The digital signage market is seeing strong growth due to the combination of flexibility in display installation, dynamic message capabilities and improved display technologies. In turn, this is leading to opportunity for both display makers as well as vendors of power-related ICs.
According to a new report by IHS, worldwide revenue for digital signage equipment, software, services and media is projected to total just under $14 billion in 2013, an increase of 5.6 percent over 2012, accelerating on the 3.9 percent expansion last year. The report further predicts an increase in revenue of between 4.7 and 5.6 percent over the next few years, with total digital signage revenue of $17.1 billion by 2017.
"Improvements in technology offerings, data management and infrastructure expansion will help the digital signage industry to continue the positive momentum it has already generated," said report author Sanju Khatri, IHS director for signage and public information displays.
Signage displays can be implemented using three technologies: one or more standard LCD TV screens, custom LCD displays, or custom direct-display LED arrays. The custom LCD display works well but can be costly in larger or unusual aspect ratios. The LED-based array is attractive because it is self-illuminating (no need for backlighting, which becomes complicated in larger display form factors) and the array's size and configuration can be tailored to the available space of the installation. Further, LED-based signage can be built up to different height/width ratios using standard-size modules offered by their vendors to fit available space. Note that there is little industry standardization on these modules; each vendor offers its own form factor and interface, incompatible with the others.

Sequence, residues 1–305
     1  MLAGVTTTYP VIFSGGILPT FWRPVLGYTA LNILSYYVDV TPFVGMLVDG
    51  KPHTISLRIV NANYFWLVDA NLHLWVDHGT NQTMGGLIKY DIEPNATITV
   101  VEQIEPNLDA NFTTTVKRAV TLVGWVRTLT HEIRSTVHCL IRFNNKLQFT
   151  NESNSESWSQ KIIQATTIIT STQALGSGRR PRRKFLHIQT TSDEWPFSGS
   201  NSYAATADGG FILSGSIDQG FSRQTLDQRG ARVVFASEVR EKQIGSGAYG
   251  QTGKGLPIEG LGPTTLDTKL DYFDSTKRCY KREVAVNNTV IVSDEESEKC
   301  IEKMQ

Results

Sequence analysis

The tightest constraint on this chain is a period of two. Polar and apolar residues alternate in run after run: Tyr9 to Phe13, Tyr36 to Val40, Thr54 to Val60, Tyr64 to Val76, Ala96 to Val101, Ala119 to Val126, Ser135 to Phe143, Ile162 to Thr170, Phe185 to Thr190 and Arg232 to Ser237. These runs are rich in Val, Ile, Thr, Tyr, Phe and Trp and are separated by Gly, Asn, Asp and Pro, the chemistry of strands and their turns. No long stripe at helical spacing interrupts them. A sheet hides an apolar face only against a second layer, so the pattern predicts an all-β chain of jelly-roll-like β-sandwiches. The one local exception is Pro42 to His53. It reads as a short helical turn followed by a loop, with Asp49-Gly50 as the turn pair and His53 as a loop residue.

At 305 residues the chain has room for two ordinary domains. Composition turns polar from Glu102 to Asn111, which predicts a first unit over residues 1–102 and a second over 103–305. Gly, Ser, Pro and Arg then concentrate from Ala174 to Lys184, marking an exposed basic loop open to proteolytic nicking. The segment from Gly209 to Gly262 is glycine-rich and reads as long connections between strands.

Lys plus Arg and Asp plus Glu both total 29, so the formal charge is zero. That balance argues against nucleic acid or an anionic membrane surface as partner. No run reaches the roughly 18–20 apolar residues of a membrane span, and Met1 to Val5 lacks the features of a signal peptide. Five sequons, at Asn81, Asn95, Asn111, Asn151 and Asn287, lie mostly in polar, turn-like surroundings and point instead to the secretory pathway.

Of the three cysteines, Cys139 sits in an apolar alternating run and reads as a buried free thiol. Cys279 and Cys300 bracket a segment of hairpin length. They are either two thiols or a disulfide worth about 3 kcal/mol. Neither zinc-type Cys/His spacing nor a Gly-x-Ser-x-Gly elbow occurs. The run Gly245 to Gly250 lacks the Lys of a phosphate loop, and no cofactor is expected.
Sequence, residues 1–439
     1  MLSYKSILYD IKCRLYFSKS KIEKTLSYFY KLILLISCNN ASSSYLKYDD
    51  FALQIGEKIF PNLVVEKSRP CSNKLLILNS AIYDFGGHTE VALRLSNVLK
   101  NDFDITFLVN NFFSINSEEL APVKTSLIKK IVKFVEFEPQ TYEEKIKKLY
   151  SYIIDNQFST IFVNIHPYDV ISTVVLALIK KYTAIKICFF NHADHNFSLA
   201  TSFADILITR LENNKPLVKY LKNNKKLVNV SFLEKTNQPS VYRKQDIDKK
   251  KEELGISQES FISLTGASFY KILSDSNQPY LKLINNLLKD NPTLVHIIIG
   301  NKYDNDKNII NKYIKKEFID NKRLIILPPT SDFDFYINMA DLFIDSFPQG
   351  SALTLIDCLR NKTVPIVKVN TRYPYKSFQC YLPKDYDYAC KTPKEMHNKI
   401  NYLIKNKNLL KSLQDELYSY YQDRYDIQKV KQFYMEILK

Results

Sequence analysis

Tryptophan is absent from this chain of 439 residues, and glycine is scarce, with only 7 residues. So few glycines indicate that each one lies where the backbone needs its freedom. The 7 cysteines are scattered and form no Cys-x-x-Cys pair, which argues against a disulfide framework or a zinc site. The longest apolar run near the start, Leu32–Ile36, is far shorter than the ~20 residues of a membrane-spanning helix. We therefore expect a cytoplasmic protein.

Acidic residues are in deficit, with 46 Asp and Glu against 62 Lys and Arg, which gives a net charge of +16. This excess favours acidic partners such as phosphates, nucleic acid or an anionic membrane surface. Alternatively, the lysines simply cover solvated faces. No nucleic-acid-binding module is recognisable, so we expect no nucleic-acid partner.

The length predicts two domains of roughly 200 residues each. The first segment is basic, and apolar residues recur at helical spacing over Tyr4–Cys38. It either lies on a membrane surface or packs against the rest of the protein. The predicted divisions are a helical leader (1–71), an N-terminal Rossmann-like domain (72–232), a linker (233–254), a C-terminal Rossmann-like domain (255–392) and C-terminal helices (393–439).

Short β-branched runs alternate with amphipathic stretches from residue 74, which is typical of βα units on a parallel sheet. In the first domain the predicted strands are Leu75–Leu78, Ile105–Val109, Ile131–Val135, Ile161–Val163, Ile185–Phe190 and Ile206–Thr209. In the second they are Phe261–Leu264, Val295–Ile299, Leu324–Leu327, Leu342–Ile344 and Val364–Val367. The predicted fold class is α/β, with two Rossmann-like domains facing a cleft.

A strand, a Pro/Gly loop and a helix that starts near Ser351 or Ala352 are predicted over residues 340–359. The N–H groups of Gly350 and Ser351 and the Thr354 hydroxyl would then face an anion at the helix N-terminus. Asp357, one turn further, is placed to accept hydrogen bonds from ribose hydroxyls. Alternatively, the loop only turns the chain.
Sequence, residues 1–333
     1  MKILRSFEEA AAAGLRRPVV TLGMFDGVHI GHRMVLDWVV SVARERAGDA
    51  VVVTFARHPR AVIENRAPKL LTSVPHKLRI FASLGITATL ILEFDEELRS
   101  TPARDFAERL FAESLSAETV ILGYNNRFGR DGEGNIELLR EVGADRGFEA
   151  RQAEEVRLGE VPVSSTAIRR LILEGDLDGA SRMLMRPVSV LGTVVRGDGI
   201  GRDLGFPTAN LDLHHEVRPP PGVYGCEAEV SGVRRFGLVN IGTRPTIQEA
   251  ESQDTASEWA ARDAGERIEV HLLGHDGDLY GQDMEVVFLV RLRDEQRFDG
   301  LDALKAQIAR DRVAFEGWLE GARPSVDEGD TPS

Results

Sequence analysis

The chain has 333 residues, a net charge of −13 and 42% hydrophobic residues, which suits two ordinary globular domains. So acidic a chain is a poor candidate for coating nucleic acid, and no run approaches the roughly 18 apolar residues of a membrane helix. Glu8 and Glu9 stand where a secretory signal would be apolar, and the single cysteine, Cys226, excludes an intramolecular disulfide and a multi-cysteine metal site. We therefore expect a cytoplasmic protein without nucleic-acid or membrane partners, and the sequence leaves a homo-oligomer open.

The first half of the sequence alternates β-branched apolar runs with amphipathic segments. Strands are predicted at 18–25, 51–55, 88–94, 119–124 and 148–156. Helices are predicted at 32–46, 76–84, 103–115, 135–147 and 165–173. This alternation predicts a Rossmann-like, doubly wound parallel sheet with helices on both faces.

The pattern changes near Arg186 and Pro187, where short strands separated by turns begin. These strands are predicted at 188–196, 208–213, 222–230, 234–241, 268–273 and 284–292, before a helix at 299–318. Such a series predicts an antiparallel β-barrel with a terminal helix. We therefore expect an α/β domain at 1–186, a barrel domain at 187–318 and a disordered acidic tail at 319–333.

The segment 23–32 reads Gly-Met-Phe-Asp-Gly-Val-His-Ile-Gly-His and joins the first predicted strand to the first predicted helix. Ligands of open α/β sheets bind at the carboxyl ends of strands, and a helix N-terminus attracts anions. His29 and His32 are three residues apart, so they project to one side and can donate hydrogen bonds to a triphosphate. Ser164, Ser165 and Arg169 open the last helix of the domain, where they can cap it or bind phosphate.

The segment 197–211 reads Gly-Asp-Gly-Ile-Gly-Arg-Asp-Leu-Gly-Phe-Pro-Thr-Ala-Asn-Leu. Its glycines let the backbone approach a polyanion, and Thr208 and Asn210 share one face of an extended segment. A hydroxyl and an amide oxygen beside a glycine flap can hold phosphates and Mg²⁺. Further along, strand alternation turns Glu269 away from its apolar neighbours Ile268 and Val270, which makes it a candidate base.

While the very large displays such as those used for sporting events and advertising get most of the attention (see "Blue LEDs, digital TV bring daylight-bright signs to masses"), the real breakout is in high-volume applications, tightly constrained situations such as fast-food restaurants—called quick service restaurants (QSR) in the industry—where these digital signs can be placed in multiple limited-space locations. These and similar applications combine relatively static information, such as menu offerings, along with dynamic updates and specials, and will make up approximately 42 percent of total digital signage display revenue from 2013 to 2017, according to the IHS report.
Of course, the visible part of the signage is only the tip of the market iceberg, albeit the very obvious one. Behind every such display are the display-driver electronics. According to a recent report by Stephanie Pruitt, IHS lighting and LEDs research analyst, there are at least 30 vendors of the LED driver ICs that power the LEDs used for backlighting the LCD display or drive the direct-display LEDs. These vendors offer a wide array of both similar, alternate-source products as well as some proprietary devices with unique features. IHS puts the driver market in 2012 at $1.02 billion, and while the report notes that the bulk of this market is for illumination and lighting, signage is a growth market as well. LED drivers used for LED displays need to be able to control the individual LEDs, while those used for backlighting only need to be dimmable as a group, if at all.